A Pisot number is a positive algebraic integer greater than 1 all of whose conjugate elements
have absolute value less than 1. A real quadratic algebraic integer greater than
1 and of degree 2 or 3 is a Pisot number if its norm is equal to . The golden ratio (denoted when considered as a Pisot number) is an example of
a Pisot number since it has degree two and norm .
known as the plastic constant. This number was identified as the smallest known by Salem (1944), and proved to be the smallest possible
by Siegel (1944).
Pisot constants give rise to almost integers. For example, the larger the power to which is taken, the closer , where is the floor function,
is to either 0 or 1 (Trott 2004). For example, the spectacular example is within of an integer (Trott 2004, pp. 8-9).
The powers of
for which this quantity is closer to 0 are 1, 3, 4, 5, 6, 7, 8, 11, 12, 14, 17, ...
(OEIS A051016), while those for which it is
closer to 1 are 2, 9, 10, 13, 15, 16, 18, 20, 21, 23, ... (OEIS A051017).
Siegel also identified the second smallest Pisot numbers as the positive root (OEIS A086106)
of
(2)
showed that
and are isolated, and showed that
the positive roots of each polynomial
(3)
for , 2, 3, ...,
(4)
for , 5, 7, ..., and
(5)
for , 5, 7, ... are Pisot numbers.
All the Pisot numbers less than are known (Dufresnoy and Pisot 1955). Some small Pisot numbers
and their polynomials are given in the following table.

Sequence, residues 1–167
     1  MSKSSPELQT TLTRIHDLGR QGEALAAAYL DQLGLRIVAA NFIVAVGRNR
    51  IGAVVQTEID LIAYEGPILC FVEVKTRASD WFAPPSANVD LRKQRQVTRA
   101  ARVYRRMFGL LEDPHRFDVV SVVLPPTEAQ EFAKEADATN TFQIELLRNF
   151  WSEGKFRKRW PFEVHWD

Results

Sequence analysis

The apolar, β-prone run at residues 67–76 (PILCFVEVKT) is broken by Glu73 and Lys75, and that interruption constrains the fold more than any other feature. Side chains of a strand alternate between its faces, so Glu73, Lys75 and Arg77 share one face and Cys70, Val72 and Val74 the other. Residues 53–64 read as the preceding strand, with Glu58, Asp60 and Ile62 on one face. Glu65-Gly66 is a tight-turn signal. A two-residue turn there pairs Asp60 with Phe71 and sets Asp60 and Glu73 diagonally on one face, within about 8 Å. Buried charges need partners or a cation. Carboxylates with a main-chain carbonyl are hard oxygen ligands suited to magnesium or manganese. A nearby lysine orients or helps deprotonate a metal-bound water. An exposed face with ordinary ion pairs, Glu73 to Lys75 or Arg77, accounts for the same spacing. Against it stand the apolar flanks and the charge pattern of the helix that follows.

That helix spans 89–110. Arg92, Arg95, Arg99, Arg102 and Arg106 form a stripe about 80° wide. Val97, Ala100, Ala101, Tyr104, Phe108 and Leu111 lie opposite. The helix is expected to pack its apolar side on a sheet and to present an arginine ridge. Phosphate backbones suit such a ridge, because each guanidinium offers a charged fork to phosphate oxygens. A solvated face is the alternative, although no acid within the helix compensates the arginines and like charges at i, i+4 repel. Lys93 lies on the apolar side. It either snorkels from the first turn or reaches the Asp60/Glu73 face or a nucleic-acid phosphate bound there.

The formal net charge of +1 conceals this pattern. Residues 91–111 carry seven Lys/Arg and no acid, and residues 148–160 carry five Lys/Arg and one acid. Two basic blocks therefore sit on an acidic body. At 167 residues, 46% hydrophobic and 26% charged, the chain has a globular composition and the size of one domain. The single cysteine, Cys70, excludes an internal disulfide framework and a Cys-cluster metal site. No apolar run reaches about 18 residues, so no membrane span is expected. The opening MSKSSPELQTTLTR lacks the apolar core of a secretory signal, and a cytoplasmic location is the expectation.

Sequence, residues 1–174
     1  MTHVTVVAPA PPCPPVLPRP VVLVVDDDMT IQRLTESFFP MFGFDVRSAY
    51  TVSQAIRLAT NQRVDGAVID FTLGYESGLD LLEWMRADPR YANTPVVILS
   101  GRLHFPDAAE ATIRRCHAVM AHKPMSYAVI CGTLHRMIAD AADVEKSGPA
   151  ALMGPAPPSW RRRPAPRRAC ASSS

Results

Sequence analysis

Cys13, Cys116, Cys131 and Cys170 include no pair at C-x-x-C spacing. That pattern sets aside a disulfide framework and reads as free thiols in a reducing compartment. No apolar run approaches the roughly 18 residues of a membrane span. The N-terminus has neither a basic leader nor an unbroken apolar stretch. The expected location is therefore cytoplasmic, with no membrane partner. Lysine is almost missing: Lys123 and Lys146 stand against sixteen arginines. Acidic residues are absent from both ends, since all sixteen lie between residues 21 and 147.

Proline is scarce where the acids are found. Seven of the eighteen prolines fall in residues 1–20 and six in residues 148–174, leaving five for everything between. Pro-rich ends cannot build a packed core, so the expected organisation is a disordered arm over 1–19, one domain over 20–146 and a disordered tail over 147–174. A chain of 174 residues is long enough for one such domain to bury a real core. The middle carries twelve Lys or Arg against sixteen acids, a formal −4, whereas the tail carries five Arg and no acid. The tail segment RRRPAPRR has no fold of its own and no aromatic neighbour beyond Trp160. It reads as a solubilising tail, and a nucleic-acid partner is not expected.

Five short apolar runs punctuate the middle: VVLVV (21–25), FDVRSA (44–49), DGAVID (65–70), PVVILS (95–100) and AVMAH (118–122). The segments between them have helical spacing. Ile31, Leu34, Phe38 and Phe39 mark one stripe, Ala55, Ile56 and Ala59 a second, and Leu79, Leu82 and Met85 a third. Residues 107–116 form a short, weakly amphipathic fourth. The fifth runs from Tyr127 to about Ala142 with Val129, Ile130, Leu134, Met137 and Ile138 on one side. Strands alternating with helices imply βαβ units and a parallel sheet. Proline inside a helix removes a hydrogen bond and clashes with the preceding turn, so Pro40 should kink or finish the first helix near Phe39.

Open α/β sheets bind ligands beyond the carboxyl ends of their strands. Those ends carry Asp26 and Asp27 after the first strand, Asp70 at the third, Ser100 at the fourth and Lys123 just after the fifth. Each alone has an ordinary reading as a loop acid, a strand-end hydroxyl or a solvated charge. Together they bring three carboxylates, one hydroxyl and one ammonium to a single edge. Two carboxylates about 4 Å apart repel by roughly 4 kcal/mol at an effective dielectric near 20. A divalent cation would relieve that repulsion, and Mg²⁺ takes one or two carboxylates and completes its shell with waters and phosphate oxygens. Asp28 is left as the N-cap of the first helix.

The latter two entries are from Boyd (1977).
Pisot numbers originally arose in the consideration of
(6)
where
denotes the fractional part of and is the floor function.
Letting
be a number greater than 1 and a positive number, for a
given ,
the sequence of numbers
for , 2, ... is an equidistributed
sequence in the interval (0, 1) when does not belong to a -dependent exceptional set of measure zero (Koksma 1935).
Pisot (1938) and Vijayaraghavan (1941) independently studied the exceptional values
of , and Salem (1943) proposed calling
such values Pisot-Vijayaraghavan numbers.
Pisot (1938) subsequently proved the fact that if is chosen such that there exists a for which the series
(7)
converges, then
is an algebraic integer whose conjugates all
(except for itself) have modulus , and is an algebraic integer
of the field . Vijayaraghavan (1940) proved that the set of Pisot
numbers has infinitely many limit points. Salem (1944)
proved that the set of Pisot numbers is closed. The proof of this theorem is based
on the lemma that for a Pisot number , there always exists a number such that and the following inequality is satisfied:
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